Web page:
As numb as you get at the demise of equine stars, the races continue, and you move forward with them... It's the only thing you can do. As the Sprint frontrunners dueled to the wire, leader Dayjur jumped a shadow on the track twice and lost by a neck to Safely Kept. I had a winning exacta ticket, but turned my attention back to the attendence of "Nick" and Antley, and Shaker Knit and Jose Santos, who had fallen as well. The jocks were badly hurt but survived, the horses did not.
A heart attack had felled Mr. Nickerson, and he and Shaker Knit were destroyed. Antley suffered one of the many serious injuries of his star-crossed riding life and Santos sustained an injury that started a downward spiral in his career which he only recently reversed. I offered a silent appreciation of Mr. Nickerson and tried to press on with the day. After all, there was going to be enough triumphant moments to asuage the sadness of the Sprint tragedy, and minutes later we were treated to a rousing performance by Meadow Star, Carl Icahn and Leroy Jolley's Champion Juvenile filly.
That brought us to the wildly anticipated Distaff, and a moment that any race fan of the period will tell you is equalled in dispair only by those that witnessed Ruffian's death nearly 20 years earlier. 1989's Juvenile Filly Champion Go For Wand had blazed a brilliant trail across racing from the moment she stepped foot on the track. I had celebrated her glorious Alabama victory 2 months earlier at Saratoga on a day in which I cashed my first IRS ticket. Everyone loved her, and she was favored to earn her second Breeders Cup victory over the tough racemare Bayakoa in the 9f challenge.
The pair hooked immediately and sparred all the way around the track, Bayakoa never more than a half a length off Go For Wand's flank. The brave filly's misstep happened right below my vantage point in Belmont's third deck. When she went down, there was a scant second of hope that she might somehow have escaped injury. She rose, turned to try and continue, but collapsed again, her leg shattered. Jockey Randy Romero lay motionless yards away. There was no escaping this "incident". It didn't happen out away from our view like Mr. Nickerson and Shaker Knit's deaths.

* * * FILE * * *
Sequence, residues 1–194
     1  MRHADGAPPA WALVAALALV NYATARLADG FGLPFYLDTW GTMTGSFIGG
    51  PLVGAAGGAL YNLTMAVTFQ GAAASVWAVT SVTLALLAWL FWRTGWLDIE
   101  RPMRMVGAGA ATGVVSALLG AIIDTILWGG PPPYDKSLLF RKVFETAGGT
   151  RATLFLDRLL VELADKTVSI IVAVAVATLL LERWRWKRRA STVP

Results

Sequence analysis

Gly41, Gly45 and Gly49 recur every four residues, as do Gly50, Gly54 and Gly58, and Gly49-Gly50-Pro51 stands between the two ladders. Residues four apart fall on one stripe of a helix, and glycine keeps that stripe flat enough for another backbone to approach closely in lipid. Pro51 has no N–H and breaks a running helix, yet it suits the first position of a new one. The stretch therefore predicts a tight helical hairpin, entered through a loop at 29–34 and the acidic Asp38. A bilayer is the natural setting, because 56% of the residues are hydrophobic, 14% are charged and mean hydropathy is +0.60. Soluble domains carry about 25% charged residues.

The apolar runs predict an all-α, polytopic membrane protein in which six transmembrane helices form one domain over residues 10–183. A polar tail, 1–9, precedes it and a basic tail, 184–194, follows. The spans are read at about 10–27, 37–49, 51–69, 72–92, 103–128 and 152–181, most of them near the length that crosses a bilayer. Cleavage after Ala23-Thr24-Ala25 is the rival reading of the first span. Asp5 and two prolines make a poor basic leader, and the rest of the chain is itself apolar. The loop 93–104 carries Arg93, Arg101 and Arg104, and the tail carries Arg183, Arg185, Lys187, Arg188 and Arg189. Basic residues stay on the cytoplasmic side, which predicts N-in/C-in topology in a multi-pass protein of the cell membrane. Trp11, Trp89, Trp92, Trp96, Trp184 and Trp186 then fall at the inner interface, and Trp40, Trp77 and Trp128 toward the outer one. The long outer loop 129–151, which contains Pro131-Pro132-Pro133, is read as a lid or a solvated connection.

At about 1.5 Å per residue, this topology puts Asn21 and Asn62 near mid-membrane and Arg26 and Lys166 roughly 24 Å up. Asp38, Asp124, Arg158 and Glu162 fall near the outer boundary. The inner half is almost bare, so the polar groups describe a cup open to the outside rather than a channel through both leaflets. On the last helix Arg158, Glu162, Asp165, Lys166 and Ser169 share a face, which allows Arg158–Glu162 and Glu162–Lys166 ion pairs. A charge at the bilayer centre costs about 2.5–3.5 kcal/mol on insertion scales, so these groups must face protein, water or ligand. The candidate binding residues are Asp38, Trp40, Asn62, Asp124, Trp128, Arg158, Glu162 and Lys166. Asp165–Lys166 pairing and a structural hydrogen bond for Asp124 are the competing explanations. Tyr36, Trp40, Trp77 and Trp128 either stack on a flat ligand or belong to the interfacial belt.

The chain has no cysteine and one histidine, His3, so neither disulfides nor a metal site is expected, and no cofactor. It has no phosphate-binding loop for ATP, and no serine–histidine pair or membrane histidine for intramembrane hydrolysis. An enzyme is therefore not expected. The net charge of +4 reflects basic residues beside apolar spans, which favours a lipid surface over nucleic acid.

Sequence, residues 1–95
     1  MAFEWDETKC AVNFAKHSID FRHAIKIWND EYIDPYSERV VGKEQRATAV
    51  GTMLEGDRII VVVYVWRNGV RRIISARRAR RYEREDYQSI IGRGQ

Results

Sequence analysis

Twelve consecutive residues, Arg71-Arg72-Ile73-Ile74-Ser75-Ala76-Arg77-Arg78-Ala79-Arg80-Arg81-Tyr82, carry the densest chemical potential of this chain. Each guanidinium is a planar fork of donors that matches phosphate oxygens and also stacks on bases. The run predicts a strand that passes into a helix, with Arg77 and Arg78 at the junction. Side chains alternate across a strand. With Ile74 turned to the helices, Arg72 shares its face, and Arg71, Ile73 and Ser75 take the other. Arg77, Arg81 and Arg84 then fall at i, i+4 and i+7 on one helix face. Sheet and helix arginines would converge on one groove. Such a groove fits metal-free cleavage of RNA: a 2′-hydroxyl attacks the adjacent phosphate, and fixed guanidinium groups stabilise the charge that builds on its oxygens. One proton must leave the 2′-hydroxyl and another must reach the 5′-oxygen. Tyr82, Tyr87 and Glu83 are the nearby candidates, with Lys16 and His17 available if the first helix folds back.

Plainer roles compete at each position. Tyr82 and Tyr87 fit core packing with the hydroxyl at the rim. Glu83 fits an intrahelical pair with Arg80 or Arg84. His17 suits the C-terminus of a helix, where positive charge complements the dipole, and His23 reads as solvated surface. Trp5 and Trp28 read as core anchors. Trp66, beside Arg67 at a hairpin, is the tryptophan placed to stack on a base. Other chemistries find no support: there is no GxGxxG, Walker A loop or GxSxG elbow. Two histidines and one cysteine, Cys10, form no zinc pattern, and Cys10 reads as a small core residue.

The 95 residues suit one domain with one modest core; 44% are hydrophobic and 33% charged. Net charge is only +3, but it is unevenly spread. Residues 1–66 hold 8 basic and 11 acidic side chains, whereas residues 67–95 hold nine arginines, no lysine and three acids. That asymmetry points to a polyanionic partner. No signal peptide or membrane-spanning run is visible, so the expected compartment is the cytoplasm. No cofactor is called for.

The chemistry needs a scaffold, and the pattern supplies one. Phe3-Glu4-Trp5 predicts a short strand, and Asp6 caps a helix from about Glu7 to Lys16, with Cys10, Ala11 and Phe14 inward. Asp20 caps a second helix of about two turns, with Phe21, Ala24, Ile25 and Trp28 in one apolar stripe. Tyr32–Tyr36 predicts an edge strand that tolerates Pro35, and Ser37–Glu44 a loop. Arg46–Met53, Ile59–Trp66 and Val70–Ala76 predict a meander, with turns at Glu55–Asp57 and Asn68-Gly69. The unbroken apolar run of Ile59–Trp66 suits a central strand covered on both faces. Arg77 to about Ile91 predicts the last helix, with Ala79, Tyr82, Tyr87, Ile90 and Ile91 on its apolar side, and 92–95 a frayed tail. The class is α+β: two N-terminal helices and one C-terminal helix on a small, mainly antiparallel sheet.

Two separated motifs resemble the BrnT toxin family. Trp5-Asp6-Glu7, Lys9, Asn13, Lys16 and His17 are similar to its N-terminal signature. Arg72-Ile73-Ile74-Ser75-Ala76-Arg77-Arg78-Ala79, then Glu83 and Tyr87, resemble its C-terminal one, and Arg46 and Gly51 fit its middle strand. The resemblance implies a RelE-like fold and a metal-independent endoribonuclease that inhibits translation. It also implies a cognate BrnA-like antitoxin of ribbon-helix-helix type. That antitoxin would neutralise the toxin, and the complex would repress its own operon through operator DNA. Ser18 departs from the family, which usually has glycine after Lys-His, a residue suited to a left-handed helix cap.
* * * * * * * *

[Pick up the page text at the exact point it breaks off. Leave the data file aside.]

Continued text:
I turned away quickly. I could not watch the curtain go up for the end of Go For Wand's life as Bill Badgett's sobbing wife caressed the filly's head. I wandered in under the grandstand and exchanged knowing, head-shaking glances with other stunned patrons, all of us unconcerned at seeing each other with tear-streaked cheeks.
Once again the races had to continue. And there were big scores in the Mile thanks to an exacta of Royal Academy and 39-1 bomb Itsallgreektome, as well as the Classic, courtesy of Unbridled at 7- 1. But as much profit as the day produced, it couldn't possibly counter the loss of innocence about the game that I had possessed when I had entered the building hours earlier. I knew horses broke down, but I had never had one of my favorites die on track, let alone two, like I had witnessed that afternoon.
From that day forward, when the opportunity presents itself to educate the unenlightened on the wonders of the track, a portion of my discourse always includes the generosity and fearlessness of the athletes, equine and human alike, that risk their lives daily for our entertainment. And it's to the credit of racing that there is a Mr. Nickerson Handicap to prompt our memories of days like Breeders Cup 1990 and the exceptional heroes that drive our passion for the sport. Whether it's the 8th race on a Sunday at Philadelphia Park or a featured Grade I at Saratoga like the Go For Wand.